AJ Agazarm is nothing if not a gi loyalist. The gracie barra ace with a strong wrestling background is trying to drum up some excitement for his division – which is fairly lackluster. Agazarm will be competing in featherweight. THere clear favorites to win it all are Marcio Andre, Gianni Grippo and Isaac Doederlein. As […]
The post AJ Agazarm Tries To Ramp Up Excitement for Gi Worlds -Calls Out Gordon, Garry and Geo appeared first on Bjj Eastern Europe.
Andre Galvao has a huge list of credits. He’s the leader of one of the most successful teams in sport bjj today – Atos. Atos was founded in 2008 by 3x World Champion and 4xADCC winner Andre Galvao and Ramon Lemos. Together the two have made an undeniable brand producing and helping champions such as […]
I want to compete in August, when should the actual comp training start for this competition as opposed to my normal day to day training?
I will probably train twice a day a couple times a week during this period if I have the time, and visit some different guys in the area to get different bodies to spar with. My gym is a lot of quick smaller guys, but I’ll need to get more comfortable with dealing with guys similar in size and strength to me (around 5 foot 8/9 255lb)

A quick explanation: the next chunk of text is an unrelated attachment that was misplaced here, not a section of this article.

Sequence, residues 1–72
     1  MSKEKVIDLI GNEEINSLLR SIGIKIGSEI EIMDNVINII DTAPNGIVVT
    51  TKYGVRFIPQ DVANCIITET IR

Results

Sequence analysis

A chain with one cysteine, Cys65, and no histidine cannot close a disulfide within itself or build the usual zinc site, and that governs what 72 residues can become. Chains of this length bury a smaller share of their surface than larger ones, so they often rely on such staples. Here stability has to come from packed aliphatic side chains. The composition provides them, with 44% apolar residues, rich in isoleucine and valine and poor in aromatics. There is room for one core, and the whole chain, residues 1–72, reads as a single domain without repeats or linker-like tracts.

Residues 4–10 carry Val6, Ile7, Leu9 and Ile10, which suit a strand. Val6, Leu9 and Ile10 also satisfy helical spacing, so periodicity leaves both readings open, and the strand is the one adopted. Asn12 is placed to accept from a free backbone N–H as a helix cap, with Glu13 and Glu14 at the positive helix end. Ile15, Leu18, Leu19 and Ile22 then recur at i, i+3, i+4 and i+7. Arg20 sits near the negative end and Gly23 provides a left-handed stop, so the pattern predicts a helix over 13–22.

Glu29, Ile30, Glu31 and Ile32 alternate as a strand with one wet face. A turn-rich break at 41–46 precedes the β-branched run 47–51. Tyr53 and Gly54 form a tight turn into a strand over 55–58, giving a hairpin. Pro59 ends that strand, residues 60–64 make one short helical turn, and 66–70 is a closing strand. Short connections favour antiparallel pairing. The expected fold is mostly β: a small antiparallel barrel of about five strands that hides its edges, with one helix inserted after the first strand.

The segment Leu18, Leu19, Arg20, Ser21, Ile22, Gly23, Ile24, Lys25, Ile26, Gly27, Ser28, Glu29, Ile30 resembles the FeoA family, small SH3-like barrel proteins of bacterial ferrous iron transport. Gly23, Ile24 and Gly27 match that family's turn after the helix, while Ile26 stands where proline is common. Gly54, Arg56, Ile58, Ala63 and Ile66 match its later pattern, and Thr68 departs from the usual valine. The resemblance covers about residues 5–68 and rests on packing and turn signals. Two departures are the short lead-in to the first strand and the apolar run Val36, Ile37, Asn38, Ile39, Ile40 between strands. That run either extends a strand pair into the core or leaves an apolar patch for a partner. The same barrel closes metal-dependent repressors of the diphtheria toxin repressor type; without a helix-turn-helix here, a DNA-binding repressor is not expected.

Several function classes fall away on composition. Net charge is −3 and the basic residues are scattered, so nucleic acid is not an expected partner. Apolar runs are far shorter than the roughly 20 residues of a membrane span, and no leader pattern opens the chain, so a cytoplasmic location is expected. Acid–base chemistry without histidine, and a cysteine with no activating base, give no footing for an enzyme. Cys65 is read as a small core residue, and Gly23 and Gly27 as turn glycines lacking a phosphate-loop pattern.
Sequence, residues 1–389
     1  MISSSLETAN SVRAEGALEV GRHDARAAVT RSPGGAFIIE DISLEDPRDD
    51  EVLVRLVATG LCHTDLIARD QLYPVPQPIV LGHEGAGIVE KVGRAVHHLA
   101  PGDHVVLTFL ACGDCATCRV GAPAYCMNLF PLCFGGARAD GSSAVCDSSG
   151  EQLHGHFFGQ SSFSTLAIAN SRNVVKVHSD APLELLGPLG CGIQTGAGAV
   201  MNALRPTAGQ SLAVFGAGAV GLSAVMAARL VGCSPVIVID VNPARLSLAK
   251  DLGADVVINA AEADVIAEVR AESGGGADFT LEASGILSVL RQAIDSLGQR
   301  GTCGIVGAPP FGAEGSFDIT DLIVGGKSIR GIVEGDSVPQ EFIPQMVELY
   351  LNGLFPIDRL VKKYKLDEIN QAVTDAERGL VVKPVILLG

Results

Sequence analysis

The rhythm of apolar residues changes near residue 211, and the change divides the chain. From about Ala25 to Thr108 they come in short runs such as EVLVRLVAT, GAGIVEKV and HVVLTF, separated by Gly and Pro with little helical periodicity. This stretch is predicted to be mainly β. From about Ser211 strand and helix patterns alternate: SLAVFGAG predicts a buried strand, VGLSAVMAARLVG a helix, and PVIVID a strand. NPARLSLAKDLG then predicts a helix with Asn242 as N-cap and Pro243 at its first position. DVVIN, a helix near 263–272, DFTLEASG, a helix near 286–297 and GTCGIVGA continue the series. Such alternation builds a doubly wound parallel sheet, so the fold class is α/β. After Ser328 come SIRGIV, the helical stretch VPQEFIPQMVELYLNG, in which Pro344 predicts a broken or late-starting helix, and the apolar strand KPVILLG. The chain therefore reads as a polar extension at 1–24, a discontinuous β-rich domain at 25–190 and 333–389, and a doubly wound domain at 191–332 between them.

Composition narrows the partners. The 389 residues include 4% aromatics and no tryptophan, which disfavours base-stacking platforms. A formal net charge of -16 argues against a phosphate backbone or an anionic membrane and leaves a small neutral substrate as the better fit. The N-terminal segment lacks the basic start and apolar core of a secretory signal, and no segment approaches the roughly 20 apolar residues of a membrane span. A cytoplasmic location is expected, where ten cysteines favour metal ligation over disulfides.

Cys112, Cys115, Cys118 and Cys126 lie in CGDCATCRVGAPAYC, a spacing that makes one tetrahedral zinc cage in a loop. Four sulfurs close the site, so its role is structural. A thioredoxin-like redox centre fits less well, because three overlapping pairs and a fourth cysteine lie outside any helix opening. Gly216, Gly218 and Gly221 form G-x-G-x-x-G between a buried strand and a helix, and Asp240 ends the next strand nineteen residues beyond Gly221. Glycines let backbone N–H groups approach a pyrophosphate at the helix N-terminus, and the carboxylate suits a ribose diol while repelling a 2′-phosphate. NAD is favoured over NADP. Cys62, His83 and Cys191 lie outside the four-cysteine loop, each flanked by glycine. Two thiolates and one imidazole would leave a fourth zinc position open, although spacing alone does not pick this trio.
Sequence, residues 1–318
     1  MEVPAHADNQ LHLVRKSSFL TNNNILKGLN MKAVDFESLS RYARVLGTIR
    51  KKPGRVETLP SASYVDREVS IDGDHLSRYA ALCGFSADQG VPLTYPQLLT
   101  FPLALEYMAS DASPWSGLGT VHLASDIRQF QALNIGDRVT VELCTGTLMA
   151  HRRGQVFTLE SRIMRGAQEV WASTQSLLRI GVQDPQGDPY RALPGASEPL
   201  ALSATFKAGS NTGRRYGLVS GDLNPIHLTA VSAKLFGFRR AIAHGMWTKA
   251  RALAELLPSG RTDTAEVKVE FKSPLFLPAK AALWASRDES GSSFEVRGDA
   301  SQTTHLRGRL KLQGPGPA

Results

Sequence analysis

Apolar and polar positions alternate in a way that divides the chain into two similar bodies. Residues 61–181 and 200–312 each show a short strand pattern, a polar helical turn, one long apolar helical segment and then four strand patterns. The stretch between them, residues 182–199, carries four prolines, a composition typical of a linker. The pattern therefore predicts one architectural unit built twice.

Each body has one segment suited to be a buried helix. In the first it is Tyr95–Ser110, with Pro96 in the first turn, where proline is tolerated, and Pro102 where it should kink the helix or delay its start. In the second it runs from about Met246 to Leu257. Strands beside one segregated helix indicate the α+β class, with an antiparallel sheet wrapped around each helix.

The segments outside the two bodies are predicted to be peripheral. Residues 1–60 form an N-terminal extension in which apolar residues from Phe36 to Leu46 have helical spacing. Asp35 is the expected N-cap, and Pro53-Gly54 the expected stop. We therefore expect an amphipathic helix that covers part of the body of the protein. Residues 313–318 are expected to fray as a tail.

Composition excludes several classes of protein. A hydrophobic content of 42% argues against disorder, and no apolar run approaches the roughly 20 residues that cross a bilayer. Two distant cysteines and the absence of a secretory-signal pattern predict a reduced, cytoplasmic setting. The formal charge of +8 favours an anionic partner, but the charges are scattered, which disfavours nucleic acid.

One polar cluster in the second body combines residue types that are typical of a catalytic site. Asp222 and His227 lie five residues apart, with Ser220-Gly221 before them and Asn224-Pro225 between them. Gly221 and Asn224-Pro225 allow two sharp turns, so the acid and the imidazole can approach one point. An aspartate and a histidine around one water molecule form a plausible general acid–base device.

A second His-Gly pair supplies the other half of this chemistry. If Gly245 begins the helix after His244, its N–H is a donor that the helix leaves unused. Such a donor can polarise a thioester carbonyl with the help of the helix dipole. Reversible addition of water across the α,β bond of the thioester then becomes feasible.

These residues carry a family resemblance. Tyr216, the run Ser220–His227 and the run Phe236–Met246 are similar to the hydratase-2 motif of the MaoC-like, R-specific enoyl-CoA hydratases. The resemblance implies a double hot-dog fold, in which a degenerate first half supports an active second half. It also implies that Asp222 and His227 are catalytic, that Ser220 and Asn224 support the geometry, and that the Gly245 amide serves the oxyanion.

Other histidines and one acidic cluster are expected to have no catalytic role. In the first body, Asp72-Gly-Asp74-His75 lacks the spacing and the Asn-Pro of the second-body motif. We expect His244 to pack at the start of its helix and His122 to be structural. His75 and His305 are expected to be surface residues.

It doesn’t exist. I’ve been doing this for 15 years, and I know it doesn’t exist. The only thing that works is perfect practice. My drill instructor used to say, “Practice doesn’t make perfect; PERFECT PRACTICE makes perfect.” Go to class, pay attention, ask questions, and drill it. Don’t waste class time dreaming about that stupid taint-sweep from inverted half-gward to gizzard lock you saw on YouTube when you could be learning ACTUALLY USEFUL technique. Think of a submission like your house in a new city. Your first time there, you need directions and you may even get lost more than once. Eventually, you feel comfortable getting there from the local store and even from work (which is farther away). Eventually, the city becomes your home and you can be anywhere in that city and know exactly how to get home (on freeways or even backroads). Even if there are roadblocks (read: defense), you can simply go around the block and get home. That’s the best way I’ve found to explain jiu jitsu to my students.